Monday, October 9, 2006


In contrast to the last weekend, a quiet one this time. A week ago, on Saturday, I went out with Antonio and Jose Manuel. At first, we we went to a music-kinda bar called Bar&Co. on a street named Barcó, what a funny name, huh? I was drinking gin'n'tonics with them, a big mistake. Then I needed more money and what a mess! The ATMs we saw on the way to another bar (cajeros in Castellano) were out of money, these Spanish people really drink like crazy. Well, then we finally spotted one ATM with money, but as soon as I put my only card inside, the keyboard became unresponsive and I was worried that I would end up without my card. Fortunately, after 5 minutes of desperation, the cajero popped the card out. Finally, one ATM was working and having a 50€ bill, I was ready to get fucked up. Well, I thought so... the bill was fake, as the bartender told me. I used the bill the day after in a restaurant, without any problem. Still don't know whether it was fake or not... On Sunday, I woke up at noon with a terrible headache, no B12 to reach... I promised to Govi that I would go to the Thyssen-Bornemisza museum with her. I sent her a text message whether she REALLY wanted to go and apparently yes, so I had to drink 2 double espressos to be responsive and we hit the museum. What a wonderful place! So far, the best museum in Madrid for me. Very cute inside, the walls are painted in a pink/orange colour, a wonderful collection of paintings, a nice museum store (I couldn't resist to get a Renoir poster for my house), such a gem.
The week was OK, I took a classification test for a Spanish class at the university on Monday and on Friday I found out that I was accepted to a B1 (español básico uno) class, which means that nobody's Spanish could be worse than mine, LOL. The classes start on Monday! Maite from my lab gave me three months to learn Spanish, well... we'll see.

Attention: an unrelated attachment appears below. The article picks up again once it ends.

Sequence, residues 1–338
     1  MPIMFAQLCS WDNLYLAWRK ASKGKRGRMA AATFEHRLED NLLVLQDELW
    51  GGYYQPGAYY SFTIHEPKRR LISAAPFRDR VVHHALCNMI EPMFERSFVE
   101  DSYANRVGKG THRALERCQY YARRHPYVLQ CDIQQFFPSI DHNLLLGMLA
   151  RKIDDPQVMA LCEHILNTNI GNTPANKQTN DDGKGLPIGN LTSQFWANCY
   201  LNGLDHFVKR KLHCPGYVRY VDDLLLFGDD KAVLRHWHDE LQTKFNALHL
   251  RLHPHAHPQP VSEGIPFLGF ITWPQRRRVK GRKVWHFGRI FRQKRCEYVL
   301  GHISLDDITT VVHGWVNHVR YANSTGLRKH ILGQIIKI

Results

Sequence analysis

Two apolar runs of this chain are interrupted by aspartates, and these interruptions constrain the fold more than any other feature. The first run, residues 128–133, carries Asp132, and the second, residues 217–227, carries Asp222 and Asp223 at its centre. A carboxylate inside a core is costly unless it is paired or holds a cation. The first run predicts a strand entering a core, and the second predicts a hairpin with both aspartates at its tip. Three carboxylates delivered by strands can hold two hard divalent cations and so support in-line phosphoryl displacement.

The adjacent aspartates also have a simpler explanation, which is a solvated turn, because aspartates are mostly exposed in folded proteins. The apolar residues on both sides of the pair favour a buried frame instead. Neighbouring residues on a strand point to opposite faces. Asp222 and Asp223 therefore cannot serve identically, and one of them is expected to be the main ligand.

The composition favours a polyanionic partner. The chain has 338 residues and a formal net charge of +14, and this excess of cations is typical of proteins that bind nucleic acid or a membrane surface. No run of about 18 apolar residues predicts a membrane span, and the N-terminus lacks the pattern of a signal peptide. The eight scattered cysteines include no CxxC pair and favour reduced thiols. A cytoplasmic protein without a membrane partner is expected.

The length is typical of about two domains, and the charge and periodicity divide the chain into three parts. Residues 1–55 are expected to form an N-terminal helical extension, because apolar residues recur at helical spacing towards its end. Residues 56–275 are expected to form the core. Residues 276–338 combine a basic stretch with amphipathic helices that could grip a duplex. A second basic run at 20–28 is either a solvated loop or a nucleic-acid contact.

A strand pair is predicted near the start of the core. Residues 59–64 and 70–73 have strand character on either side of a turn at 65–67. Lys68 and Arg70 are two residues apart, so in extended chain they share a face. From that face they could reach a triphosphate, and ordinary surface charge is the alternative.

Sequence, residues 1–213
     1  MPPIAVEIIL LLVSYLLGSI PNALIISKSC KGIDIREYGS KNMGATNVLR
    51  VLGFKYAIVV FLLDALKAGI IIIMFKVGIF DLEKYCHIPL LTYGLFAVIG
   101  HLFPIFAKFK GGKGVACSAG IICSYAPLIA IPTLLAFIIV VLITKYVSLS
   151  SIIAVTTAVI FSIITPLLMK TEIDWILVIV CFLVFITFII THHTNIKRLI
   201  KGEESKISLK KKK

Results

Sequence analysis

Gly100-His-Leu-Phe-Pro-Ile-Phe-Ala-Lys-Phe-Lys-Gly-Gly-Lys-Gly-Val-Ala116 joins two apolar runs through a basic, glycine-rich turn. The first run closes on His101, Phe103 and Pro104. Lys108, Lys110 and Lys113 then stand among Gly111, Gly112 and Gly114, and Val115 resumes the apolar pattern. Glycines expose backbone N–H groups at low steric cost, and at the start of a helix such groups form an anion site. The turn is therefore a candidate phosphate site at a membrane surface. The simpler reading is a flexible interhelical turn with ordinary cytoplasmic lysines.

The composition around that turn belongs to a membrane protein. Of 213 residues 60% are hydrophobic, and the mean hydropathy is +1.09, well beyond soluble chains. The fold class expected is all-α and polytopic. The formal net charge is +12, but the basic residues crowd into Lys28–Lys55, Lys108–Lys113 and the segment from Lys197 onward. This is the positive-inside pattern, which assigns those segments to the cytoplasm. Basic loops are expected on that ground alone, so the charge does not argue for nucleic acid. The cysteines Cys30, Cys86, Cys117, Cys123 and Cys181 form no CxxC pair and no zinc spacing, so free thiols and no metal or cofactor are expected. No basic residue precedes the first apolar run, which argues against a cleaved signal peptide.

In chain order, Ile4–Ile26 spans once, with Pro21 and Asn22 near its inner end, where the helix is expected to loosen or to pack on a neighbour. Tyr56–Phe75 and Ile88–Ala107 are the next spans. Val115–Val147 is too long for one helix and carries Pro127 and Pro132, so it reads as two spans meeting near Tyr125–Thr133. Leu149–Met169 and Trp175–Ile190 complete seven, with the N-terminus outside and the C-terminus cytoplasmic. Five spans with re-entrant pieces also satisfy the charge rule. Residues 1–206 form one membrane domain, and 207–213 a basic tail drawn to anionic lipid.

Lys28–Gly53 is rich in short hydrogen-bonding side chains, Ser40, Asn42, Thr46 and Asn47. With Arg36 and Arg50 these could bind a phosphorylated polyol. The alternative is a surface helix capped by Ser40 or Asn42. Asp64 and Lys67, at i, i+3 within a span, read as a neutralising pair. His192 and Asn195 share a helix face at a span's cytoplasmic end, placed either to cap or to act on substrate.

Yesterday, there was a lunch BBQ in the house of Enrique's parents that were out of town. I posted some pictures on my Picasa's web site, so you can check out my wonderful "El Jefe", his family and also bunch of people from the institute. Marco, Maite and Teresa work with me, the rest are mostly people from the 317 lab. Enrique, Miguel, Marco and Andrea did a good job, the meat was wonderful. Then a LOT of drinks, of course, I am in Spain now. That house was close to a subway station, so everybody could drink without a limit, it's a good thing to have a public transportation here.

Monday, September 25, 2006

Back in the Everlasting city

Germany, oh Germany... Happy to be back in Madrid! It was like going back home but with all the little things I dislike there, for instance, everything had to be organized sharply to the last second and if you don't follow the rules, you're in trouble (yeah, for me it's like looking in the mirror, right, Steph?). But how can you follow the rules when you have all the wonderful people around? I am so happy I met the European "trafficking community". They made the meeting so great. We were drinking like crazy, going to sleep everyday early in the morning, yet ready for the talks after just four hours of sleep.